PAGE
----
This project undertook a detailed review and analysis of the rights-based management (RBM) systems in place in EU coastal Member States. Rights-based approaches to fisheries management have shown potential for promoting biologically sustainable and economically viable fisheries in several parts of the world. Whilst fisheries management is a Community responsibility, under the framework of the reformed EU common fisheries policy (CFP), economic management of fishing rights is a national responsibility and in practice, many Member States have already implemented RBM approaches in a range of fisheries across the EU. This study addressed the need, identified by the Commission, for a review of these existing RBM practices. It analysed the attributes and effects of RBM systems and investigated their degree of success in contributing to achievement of the CFP objectives of sustainability of exploitation of stocks, matching fleet size with available fish resources, and economic viability of the fishing industry.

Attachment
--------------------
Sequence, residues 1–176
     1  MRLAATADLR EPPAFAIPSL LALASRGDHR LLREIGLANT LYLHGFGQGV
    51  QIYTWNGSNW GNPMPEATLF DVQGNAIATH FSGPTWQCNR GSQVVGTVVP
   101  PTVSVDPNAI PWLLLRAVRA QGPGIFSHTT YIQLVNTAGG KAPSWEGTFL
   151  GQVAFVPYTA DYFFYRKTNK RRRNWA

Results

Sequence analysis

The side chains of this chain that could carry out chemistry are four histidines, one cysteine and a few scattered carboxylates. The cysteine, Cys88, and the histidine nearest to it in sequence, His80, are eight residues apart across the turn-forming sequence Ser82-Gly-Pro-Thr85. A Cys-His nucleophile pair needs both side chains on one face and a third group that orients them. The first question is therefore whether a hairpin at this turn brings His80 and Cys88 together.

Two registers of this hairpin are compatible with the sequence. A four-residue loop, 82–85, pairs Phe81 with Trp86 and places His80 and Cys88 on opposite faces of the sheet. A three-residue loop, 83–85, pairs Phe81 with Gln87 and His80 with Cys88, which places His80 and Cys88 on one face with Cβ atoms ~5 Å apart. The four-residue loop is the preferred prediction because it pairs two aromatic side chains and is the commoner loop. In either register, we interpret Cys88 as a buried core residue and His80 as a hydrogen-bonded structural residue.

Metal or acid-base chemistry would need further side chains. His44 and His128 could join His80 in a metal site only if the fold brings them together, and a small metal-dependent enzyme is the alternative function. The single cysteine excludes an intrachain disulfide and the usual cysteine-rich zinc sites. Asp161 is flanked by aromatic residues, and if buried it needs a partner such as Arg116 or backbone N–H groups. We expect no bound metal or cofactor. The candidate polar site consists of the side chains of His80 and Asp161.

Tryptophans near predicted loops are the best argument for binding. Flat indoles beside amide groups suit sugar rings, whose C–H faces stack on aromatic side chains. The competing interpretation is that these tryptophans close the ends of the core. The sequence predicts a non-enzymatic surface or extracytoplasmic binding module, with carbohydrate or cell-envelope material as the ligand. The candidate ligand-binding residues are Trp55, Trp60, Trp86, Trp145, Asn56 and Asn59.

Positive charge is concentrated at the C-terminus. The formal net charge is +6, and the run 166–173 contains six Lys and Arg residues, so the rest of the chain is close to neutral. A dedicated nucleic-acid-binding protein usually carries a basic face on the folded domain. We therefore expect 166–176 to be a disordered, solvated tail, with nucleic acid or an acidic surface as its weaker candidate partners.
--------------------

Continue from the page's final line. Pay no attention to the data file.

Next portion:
The project developed a typology of RBM systems and reviewed those in place across coastal Member States in light of four key attributes: exclusivity, security, validity and transferability. A range of specific RBM characteristics and effects were explored; including the relationship between the RBM system and input or output constraints at the Community level; the initial allocation of rights and its subsequent evolution; the functioning of the management tools; the existence, functioning and monitoring of markets for fishing rights; the role of different institutions; and the reasons why certain coastal Member States have not deployed RBM. Finally, to the extent possible, the project recommended best practices for different types of fisheries in the EU, based on the degree of success of RBM in Member States with regard to CFP objectives (sustainability exploitation of stocks, relationship between size of fleets and available resources, economic viability) and corresponding conservation measures (input or output restrictions), and identified best practices for different types of fisheries, fleets and EU regions.